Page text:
Nightline Attacks 'Edible Food-Like Substances' in One-Sided Report
Presenting a writer with no scientific background as an expert on food and nutrition might not seem like a prudent editorial decision for a major network newscast, but ABCâs âNightlineâ did it anyway.
In a May 8 segment, reporter John Donvan gobbled up the anti-food industry propaganda of Michael Pollan, a writer and journalism professor who is a long time critic of âagribusiness.â (But you wouldnât know Pollanâs history from Donvanâs segment.)
âThere is food and there is what I call âedible food-like substances,ââ Pollan said. âThese are things we invented in the last 50 years or so that, you know, smell like food, taste like food, look like food, but theyâre very different than the kinds of things people ate 100 years ago.â
Pollan, who recently published his latest book, âIn Defense of Food: An Eaterâs Manifesto,â advocates returning to an all-organic diet and offers tips for healthy eating such as not eating anything your grandmother wouldnât recognize.
Donvan even joined Pollanâs attack on processed and packaged foods, proposing to his subject that âitâs the edible equivalent of waxed fruit, is what youâre saying.â
Pollan praised âthe authority of momâ and lamented that âthe holders of culture when it comes to food (mothers) have been undermined by both the scientists and the food marketers.â
âIf she picked up a box of Gogurt portable yogurt tubes, would she recognize this?â Pollan asked. âI donât think she would.â
And, he says, stay away from the middle of the supermarket where youâll find the processed foods. âItâs in the peripheries where the food that has been the least fiddled with in the last 75 years is found, so the fresh fruits and vegetables, the meat, the fish, the dairy products. And in the middle is where you get all the kind of imperishable processed foods.â
Donvan joined with Pollan in slamming scientists and âfood marketersâ who support health foods that fit in with popular diet trends. âThe problem with that being that sometimes scientists are not working with all the information they need,â Donvan said.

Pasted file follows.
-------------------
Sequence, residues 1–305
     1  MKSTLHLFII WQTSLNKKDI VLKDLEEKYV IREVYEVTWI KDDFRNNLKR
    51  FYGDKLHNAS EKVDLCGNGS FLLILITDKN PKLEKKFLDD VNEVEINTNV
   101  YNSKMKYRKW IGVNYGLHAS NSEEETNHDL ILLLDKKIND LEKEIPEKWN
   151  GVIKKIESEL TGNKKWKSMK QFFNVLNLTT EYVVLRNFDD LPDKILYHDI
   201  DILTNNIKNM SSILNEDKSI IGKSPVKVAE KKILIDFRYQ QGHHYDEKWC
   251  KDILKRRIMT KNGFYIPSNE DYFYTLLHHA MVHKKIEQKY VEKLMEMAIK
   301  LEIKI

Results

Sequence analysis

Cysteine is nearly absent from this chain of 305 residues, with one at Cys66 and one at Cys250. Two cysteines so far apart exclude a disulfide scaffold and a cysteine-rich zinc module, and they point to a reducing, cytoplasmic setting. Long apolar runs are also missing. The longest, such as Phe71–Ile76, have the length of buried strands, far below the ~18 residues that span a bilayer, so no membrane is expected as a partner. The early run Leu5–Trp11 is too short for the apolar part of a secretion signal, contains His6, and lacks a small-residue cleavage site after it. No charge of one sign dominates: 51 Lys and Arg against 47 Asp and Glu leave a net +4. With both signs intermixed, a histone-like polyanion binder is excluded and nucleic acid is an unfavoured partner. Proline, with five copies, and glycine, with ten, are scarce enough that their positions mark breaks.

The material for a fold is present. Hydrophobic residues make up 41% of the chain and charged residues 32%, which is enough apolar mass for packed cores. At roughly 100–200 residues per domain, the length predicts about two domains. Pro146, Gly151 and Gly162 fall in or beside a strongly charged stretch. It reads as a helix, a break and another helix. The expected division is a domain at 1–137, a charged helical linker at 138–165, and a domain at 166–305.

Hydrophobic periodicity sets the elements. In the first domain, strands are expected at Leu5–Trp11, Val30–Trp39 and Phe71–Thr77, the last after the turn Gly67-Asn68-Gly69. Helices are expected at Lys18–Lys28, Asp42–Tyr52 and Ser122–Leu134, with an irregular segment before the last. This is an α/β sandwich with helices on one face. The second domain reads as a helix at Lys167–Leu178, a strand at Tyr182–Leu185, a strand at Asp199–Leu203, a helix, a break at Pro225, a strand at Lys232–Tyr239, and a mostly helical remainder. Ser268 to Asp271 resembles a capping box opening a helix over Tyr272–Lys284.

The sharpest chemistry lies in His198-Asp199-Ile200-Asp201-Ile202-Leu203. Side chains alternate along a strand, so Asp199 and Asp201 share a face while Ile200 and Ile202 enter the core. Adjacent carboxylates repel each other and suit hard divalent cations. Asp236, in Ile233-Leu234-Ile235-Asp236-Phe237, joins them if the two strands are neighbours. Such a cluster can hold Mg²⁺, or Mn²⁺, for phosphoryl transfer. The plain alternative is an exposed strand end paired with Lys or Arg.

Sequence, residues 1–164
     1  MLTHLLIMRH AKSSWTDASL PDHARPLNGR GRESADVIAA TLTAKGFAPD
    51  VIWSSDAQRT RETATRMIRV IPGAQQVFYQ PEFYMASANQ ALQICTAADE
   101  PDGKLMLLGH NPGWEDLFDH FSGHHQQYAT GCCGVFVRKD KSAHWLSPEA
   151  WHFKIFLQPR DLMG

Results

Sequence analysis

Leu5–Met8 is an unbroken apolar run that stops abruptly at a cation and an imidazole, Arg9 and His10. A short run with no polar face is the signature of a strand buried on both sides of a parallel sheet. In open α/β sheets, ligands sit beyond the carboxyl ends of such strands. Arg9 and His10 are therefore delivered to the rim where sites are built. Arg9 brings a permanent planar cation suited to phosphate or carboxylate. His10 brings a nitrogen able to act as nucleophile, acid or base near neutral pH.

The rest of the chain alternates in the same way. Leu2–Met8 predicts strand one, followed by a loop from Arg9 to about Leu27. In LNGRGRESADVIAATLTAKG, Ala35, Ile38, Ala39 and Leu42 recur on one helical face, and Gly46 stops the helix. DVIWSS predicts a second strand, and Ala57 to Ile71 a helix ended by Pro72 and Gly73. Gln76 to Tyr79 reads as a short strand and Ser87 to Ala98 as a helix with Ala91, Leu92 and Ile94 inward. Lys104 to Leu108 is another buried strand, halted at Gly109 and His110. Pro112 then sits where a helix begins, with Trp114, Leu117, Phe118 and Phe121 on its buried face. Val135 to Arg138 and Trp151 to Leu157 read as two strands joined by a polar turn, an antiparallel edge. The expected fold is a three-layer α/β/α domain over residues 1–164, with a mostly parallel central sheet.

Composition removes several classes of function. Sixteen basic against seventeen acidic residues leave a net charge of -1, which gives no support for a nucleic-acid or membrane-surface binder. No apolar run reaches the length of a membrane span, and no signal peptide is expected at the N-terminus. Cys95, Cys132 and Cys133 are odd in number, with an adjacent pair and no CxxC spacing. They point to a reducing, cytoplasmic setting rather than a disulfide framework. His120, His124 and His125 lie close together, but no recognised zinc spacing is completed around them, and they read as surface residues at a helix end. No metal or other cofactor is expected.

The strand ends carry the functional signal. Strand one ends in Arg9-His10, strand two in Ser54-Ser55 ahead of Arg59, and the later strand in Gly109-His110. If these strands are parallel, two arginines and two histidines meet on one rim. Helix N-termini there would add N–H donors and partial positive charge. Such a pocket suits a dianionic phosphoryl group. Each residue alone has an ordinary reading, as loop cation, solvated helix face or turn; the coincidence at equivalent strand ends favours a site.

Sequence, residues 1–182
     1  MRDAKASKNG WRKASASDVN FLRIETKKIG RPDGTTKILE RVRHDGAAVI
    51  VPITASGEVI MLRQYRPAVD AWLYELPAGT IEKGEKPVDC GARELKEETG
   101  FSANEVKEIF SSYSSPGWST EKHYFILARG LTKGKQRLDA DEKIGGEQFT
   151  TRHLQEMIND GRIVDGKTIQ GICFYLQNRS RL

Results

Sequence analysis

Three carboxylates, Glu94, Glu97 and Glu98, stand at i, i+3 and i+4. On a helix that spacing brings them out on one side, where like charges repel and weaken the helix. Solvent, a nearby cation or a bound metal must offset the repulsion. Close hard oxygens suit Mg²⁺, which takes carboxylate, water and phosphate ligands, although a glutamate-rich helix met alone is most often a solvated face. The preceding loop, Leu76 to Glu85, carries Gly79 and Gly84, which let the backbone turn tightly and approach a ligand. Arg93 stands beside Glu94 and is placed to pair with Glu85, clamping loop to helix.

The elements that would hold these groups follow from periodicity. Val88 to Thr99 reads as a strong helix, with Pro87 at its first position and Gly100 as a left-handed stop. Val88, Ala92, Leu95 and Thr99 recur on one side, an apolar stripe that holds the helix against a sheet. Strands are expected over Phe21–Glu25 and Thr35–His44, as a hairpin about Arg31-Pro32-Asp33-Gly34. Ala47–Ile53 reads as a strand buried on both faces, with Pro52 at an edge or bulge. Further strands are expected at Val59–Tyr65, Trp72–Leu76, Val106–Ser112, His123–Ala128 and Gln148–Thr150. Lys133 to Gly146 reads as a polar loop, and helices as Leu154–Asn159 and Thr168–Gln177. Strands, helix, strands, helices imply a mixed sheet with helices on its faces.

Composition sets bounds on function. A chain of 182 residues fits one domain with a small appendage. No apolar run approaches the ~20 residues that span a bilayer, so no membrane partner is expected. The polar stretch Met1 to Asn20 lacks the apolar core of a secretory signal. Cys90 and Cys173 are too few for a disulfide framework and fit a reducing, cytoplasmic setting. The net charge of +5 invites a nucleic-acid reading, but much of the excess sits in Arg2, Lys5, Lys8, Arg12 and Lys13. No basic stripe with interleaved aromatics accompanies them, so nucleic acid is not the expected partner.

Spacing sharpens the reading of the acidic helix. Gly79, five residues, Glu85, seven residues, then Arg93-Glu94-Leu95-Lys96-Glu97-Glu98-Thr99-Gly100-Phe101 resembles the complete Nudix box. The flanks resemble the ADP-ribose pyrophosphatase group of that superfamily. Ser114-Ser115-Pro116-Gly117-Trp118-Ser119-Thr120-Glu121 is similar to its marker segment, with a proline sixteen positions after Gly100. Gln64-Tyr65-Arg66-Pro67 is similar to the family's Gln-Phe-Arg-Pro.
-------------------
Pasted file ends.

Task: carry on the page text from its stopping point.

The original broadcast in the
But the professor of journalism at the
âIn Defense of Foodâ isnât Pollanâs first foray into anti-industry activism. One of his previous books, âThe Omnivoreâs Dilemma: A Natural History of Four Meals,â also slams âagribusinessâ and the fast-food industry. According to reviews, that book even slams what Pollan calls âBig Organic,â instead praising small independent farms.
In another Times report, Pollan praised rising food prices â a result of increased demand for corn as ethanol mandates hoard supply â because, he said, they will âlevel the playing field for sustainable food that doesnât rely on fossil fuels.â
Donvanâs segment offered no input from the food industry to defend itself, nor nutritionists who might disagree with Pollanâs claims. One glimmer of balance appeared during the discussion of organic food when Donvan recognized a major downside: cost.
âYou think the average person can afford to eat well?â Donvan asked.
âYou know, itâs a problem. Real food costs more than edible food-like substances, by and large,â Pollan said, encouraging people who canât afford pricier food to deal with it. âI think we need to begin to spend more on food, both in terms of money and time. I know thatâs not a popular message. People like their convenience food. But this experiment of outsourcing our food preparation to corporations has failed us. I mean itâs left us really unhealthy and really unsatisfied and I think itâs undermined family life and undermined community.â